The following article was reprinted with permission from the Oct. 9 edition of The Archery Wire. To subscribe to The Archery Wire, visit www.archerywire.com/signup_intro.php.
With one sweep of his pen last week, Gov. Jerry Brown approved legislation removing the word “game” from the name of the California agency known for six decades as the Department of Fish and Game, replacing it with “wildlife,” a move that has bowhunters and other pro-hunting groups concerned that the future of hunting, fishing and game management may be imperiled.
Just days earlier, Gov. Brown signed another bill that banned the use of pursuit hounds for hunting black bears and bobcats. The effort to pass the measure, which chugged its way through the General Assembly and Senate during the summer, was primarily bankrolled by the nation’s largest and most powerful anti-hunting group, the Humane Society of the United States (HSUS). Had the measure failed, HSUS promised to launch a ballot initiative in The Golden State to achieve the same goal.
Also this summer, members of the California Fish and Game Commission (soon to be Fish and Wildlife Commission), voted to remove Dan Richards as commission president after a controversy erupted early this year when it was publicized that he took part in an Idaho mountain lion hunt in 2011. Animal protection groups were incensed that Richards bagged a lion, reasoning that the species falls under special protection in The Golden State. Hunting mountain lions is legal—and popular—in Idaho and other Rocky Mountain states.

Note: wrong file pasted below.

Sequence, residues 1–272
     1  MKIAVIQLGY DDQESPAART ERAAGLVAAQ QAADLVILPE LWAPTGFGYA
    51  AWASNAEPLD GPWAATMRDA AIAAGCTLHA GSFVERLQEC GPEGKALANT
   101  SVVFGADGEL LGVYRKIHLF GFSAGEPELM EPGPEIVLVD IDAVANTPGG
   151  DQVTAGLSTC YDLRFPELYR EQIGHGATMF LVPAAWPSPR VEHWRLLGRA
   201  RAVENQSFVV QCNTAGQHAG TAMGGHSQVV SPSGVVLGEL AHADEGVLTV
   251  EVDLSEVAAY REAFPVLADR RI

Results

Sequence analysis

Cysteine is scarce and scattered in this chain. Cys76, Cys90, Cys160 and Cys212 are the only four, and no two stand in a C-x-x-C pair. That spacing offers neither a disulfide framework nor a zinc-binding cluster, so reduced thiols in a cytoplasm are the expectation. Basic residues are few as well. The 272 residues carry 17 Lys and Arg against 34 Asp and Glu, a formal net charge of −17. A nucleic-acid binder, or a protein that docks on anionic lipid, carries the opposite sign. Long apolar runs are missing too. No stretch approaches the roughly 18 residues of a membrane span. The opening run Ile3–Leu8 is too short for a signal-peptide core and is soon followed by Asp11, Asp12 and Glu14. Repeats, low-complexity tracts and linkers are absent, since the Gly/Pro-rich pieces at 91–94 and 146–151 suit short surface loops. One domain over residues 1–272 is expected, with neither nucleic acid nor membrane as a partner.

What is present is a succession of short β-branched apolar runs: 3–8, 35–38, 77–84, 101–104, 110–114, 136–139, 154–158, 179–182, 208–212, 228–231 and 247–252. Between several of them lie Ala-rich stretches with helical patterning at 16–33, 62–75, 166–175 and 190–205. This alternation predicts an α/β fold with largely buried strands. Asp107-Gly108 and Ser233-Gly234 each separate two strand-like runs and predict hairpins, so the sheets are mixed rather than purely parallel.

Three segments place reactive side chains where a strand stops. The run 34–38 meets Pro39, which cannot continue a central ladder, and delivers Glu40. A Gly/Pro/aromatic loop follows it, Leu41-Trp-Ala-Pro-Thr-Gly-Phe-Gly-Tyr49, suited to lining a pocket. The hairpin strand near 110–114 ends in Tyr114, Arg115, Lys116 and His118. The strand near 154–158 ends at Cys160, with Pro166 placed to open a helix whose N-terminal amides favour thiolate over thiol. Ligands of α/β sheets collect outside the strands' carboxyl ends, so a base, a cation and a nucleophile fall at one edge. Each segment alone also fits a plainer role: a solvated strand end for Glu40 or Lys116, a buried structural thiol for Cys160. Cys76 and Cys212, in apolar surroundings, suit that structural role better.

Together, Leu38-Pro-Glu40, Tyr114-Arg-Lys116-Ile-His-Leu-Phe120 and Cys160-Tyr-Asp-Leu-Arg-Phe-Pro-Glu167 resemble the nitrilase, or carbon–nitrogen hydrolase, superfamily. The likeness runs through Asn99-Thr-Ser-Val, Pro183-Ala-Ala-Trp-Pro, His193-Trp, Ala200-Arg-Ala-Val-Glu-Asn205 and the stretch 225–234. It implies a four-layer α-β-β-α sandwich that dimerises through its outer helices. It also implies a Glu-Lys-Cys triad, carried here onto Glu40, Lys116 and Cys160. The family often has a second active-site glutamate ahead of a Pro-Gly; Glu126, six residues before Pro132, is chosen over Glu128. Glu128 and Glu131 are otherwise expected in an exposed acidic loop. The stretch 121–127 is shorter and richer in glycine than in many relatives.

Being California, there’s no shortage of irony on behalf of the many hypocrites responsible for all three of these recent actions.
For example, despite the fact that the name change was originally estimated to cost a state that is currently foundering in red ink nearly $370,000 to implement, AB 2283 passed the Democrat-heavy California State Assembly on May 30 by a decidedly partisan vote of 47 to 27.
California’s game-changing action becomes effective January 1, 2013. Presently, a dozen state agencies retain the word “game” in their title, 18 use “wildlife,” and the remainder “natural resources” or “conservation.”
Assemblyman Jim Nielsen (R-Gerber) and Sen. Anthony Cannella (R-Ceres) both contended that changing the agency’s name signals it is moving away from managing game for hunting and indicates a general lack of support for sportsmen.
“The goal of some in California, in the Legislature, would be to eliminate hunting as one of the core missions of the Department of Fish and Game,” Cannella told the Los Angeles Times.
The bill’s sponsor, Assemblyman Anthony Portantino (D-La Canada Flintridge), argued the name change better reflected the agency’s work, and specified it would subsequently be known as “Cal Wild,” following the lead of Caltrans (Department of Transportation) and Cal Fire (Department of Forestry and Fire Protection).
Bill Gaines, longtime sportsmen’s advocate and president of the California Outdoor Heritage Alliance, clearly sees it as a game of numbers.
“I think that what the proponents wanted to do was send a signal that we’re changing the foundation of the Department of Fish and Game—and that’s hunting and fishing,” Gaines said. “We were outnumbered, there’s no question about it.”
And speaking of numbers, with the flurry of anti-hunting activity and legislation occurring on the Left Coast in recent months, we suggest that bowhunters remain particularly vigilant as the 2013 legislative sessions convene. Among all hunting factions remaining there, archery hunters may comprise perhaps the smallest minority, and could pose a logical target for potential elimination in the “progressive” state of California.